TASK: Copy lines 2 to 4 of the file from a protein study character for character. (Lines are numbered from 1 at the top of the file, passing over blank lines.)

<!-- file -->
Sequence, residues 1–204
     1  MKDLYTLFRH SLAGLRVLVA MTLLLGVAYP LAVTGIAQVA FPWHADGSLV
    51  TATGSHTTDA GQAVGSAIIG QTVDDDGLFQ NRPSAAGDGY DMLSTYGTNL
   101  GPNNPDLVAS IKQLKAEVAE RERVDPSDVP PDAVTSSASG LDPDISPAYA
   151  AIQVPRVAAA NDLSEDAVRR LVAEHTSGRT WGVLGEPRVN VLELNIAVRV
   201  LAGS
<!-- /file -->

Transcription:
     1  MKDLYTLFRH SLAGLRVLVA MTLLLGVAYP LAVTGIAQVA FPWHADGSLV
    51  TATGSHTTDA GQAVGSAIIG QTVDDDGLFQ NRPSAAGDGY DMLSTYGTNL
   101  GPNNPDLVAS IKQLKAEVAE RERVDPSDVP PDAVTSSASG LDPDISPAYA